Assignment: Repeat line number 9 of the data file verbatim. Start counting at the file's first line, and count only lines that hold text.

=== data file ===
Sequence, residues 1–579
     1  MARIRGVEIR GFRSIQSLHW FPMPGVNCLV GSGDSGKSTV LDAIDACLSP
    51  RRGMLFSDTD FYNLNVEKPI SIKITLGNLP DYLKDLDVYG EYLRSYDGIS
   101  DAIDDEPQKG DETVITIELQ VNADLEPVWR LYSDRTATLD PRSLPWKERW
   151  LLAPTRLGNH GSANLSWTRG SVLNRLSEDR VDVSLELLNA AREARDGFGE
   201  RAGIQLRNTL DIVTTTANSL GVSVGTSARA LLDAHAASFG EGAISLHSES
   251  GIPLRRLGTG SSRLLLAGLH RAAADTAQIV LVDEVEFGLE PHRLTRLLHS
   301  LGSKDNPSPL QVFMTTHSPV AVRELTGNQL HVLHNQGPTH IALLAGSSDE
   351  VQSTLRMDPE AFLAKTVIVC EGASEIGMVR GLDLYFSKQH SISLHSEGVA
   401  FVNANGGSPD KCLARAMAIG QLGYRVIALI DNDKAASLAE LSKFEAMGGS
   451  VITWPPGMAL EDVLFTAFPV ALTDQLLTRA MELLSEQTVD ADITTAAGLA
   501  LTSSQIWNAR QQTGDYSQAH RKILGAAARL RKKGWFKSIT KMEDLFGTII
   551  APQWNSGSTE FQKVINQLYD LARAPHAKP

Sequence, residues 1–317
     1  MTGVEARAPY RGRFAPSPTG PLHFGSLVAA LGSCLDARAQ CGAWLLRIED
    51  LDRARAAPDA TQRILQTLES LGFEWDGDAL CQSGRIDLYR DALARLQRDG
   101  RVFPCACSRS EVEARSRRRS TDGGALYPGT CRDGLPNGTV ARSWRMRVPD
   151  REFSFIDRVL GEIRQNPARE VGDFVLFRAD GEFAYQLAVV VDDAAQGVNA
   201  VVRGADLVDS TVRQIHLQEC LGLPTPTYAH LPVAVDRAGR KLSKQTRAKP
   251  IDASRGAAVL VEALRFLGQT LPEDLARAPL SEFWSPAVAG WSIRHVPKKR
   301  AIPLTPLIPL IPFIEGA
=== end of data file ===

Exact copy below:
   351  VQSTLRMDPE AFLAKTVIVC EGASEIGMVR GLDLYFSKQH SISLHSEGVA